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The most widely known WebRTC use cases today revolve around voice and video calling. WebRTC starts with unified communications and contact centers, but it can be used for any type of video calling. These calls could include telehealth or education use cases where a user needs to communicate with others. Another interesting WebRTC use case is an acting school enabling its students to rehearse online with more experienced actors.
Taking WebRTC capabilities and expanding them to every voice and video interaction between people is not really far-fetched.
Beyond voice and video calls, a couple lesser-known WebRTC use cases employ two other capabilities. Namely, users can access a computer or mobile device's camera and microphone for reasons other than calling, and they can send arbitrary data using the WebRTC data channel.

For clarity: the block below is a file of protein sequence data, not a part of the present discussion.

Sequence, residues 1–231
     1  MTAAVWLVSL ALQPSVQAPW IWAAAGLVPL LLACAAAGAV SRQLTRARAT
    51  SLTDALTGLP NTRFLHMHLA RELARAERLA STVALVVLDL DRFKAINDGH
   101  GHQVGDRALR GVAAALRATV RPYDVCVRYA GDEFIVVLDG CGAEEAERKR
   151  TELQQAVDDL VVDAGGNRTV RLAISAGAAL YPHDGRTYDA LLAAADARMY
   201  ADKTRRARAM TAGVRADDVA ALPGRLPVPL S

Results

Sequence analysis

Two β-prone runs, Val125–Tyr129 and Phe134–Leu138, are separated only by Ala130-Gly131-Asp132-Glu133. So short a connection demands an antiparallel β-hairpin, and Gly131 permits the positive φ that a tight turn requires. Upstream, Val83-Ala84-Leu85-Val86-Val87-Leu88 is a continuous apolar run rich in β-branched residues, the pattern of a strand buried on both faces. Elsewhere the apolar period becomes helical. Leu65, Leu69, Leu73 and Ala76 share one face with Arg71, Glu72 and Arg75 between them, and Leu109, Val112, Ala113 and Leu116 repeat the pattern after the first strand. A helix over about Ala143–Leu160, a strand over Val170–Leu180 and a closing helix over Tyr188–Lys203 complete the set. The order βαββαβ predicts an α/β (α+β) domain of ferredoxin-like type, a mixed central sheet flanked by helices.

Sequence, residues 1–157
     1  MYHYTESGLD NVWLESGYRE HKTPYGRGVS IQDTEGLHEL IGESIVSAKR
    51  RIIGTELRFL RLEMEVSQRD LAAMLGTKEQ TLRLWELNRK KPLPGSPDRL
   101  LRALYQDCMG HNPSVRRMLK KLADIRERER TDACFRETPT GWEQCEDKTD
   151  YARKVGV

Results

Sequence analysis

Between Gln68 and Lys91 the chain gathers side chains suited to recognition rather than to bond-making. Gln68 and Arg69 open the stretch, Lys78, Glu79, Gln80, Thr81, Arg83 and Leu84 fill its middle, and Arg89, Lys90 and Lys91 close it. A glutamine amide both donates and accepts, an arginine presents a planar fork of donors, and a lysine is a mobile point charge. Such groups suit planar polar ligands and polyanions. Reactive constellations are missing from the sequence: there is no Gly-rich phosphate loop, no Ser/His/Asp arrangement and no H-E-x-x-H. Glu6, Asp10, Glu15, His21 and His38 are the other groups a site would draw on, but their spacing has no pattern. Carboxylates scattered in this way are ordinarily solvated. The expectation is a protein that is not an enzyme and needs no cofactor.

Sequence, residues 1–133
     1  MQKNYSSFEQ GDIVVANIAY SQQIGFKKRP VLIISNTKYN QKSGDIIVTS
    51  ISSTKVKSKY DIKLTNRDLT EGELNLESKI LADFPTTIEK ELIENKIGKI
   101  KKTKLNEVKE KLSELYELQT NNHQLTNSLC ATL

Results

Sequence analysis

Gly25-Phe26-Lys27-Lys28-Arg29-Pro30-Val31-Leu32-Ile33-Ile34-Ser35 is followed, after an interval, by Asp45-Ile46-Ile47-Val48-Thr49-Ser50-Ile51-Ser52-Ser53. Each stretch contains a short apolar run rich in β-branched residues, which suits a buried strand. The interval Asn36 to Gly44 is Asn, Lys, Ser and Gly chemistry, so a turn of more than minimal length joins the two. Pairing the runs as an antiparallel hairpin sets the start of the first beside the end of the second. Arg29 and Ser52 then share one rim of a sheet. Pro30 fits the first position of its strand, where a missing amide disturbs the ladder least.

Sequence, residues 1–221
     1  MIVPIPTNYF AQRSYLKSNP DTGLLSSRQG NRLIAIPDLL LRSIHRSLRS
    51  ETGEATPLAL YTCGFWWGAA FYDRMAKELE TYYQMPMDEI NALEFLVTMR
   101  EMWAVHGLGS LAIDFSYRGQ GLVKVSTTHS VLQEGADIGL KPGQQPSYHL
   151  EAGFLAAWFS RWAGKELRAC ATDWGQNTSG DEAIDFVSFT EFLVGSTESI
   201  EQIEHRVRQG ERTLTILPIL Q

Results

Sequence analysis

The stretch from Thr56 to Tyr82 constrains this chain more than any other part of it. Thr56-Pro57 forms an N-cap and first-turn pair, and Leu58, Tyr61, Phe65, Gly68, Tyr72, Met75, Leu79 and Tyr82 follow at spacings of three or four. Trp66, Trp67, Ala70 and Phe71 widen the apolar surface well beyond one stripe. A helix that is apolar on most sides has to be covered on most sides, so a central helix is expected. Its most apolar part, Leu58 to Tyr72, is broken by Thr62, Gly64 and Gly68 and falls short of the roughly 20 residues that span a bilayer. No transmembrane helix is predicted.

For example, a user could access the camera, snap a picture and upload it to an online profile. Additionally, users could record an online interview and upload it to an HR service, or sign in a person to an online profile biometrically.
The WebRTC data channel offers a low-latency transport medium that can be used for anything. A user can leverage the data channel to gain control of a local device through a smartphone's browser. The data channel also offers secure means of connecting one device to another without going through a service or server that both devices need to trust.
The sky's the limit to the types of WebRTC use cases that are possible. New ways to use WebRTC seem to pop up on a weekly basis.
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